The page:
I’d like to give you an update following on from your 14 November article about the report on the Help To Live At Home service in Wiltshire.
One of the key advantages of the scrutiny process is that it gives the opportunity for members to hear directly from officers, interested or affected people, and expert witnesses. This process allowed the Task Group to question them and to gain a wider understanding of the issue and hence arrive at informed findings and recommendations.
The task group conducted 5 interviews with service users and received positive feedback from all of them with regards to the service they were receiving, as well as a range of other evidence. The report is not designed to detail all evidence and points considered but to give an overall summary of how the conclusions and recommendations were arrived at.
The Report and its recommendations was endorsed by the Health Select Committee meeting on 17 November and concluded that the recommendations in conjunction with the conclusions, should be referred to the Cabinet Member for Public Health for response. The response is due to be received at the next Committee meeting on 12 January 2016.
It was also agreed that an appendix to the report may be included to summarise the concept of the Help to Live at Home model, the key points are included below:
- Help to Live at Home is about reablement of clients following a period of illness or a stay in hospital – to get them back to where they were before the illness, or as close as possible.
- Support plans are based on the outcomes that the client wants to achieve (e.g. to regain independence in washing, dressing and feeding themselves).
- Performance is measured on progress towards achieving these outcomes.
- The support or care provided in order to achieve the client’s outcomes may be different from day to day. For example, a client may need help getting out of bed and dressing one day, and manage to do this for themselves the next (but still want help with food preparation).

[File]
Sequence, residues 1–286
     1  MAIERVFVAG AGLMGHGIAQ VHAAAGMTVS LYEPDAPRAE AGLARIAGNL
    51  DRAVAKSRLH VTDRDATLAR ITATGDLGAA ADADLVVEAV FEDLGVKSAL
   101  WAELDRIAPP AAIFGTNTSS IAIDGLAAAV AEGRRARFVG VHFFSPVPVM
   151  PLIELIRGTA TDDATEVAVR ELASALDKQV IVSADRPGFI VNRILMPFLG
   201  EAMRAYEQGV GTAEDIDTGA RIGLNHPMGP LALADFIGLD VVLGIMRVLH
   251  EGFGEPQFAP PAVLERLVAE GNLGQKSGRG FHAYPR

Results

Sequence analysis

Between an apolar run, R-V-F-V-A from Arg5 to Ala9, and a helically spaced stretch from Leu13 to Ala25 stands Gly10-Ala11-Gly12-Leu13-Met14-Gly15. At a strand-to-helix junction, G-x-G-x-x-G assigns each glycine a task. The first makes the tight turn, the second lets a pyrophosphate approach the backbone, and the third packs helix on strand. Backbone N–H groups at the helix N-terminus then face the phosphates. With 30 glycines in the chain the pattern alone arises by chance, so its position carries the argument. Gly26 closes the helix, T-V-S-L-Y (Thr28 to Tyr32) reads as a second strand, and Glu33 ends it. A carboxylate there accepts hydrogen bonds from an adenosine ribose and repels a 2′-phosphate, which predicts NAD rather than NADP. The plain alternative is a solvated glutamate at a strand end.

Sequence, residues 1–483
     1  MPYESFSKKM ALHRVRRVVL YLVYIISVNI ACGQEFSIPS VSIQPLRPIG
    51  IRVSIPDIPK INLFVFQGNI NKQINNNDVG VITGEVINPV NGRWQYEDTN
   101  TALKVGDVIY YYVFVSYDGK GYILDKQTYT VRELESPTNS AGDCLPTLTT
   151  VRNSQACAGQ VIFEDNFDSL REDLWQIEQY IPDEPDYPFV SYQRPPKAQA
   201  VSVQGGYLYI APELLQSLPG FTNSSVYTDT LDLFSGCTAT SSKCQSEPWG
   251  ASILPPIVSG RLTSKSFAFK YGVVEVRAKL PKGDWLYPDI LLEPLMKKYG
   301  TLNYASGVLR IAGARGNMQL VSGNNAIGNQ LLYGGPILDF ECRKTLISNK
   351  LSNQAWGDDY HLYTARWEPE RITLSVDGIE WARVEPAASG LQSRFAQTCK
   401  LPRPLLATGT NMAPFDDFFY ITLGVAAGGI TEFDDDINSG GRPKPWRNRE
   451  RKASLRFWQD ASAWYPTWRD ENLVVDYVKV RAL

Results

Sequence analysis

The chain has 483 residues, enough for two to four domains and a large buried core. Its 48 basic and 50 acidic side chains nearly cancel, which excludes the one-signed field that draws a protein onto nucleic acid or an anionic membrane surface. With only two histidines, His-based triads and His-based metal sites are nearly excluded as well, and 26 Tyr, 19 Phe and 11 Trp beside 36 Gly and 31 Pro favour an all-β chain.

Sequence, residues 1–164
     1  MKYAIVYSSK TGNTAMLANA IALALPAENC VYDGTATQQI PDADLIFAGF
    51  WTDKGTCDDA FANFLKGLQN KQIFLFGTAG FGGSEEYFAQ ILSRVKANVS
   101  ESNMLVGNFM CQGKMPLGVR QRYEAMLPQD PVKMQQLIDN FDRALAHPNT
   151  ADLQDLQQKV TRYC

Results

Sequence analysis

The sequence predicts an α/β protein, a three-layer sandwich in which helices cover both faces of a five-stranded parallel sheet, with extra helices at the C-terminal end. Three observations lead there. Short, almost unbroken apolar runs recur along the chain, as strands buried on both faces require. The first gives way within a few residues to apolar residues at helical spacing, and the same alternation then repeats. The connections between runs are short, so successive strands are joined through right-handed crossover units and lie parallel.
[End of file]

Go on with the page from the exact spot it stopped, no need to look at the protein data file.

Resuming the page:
- This does not mean that clients are not getting care when they need it.
- The system requires the support worker to be flexible in the amount of time they spend with a client.
- The ultimate aim is to gradually reduce the overall amount of care needed and increase independence.
- The previous model of “time and task” means the support worker arriving at the same times every day to perform the same tasks, regardless of whether the client needed them. This doesn’t encourage reablement and is wasteful in the long term.
The Task Group strongly feels that the Help to Live at Home model is the right one and that further support and education needs to be provided to customers and their families to understand the model and establish the culture change that is required in order to manage and fulfill expectations, in that the outcome of a call takes priority over the time of day and time allocated to achieve the desired outcome.
For example, it is more important for a customer to be enabled to get out of bed and dressed in a comfortable manner rather than ensuring that this task takes place at precisely 8am every time and taking only 15 minutes.
The final report raises some serious questions about the HTLAH service, but has aimed to keep its recommendations to those that are within the gift of Wiltshire Council to implement or influence.
Chairman of Wiltshire Council’s Help to Living at Home Scrutiny Task Group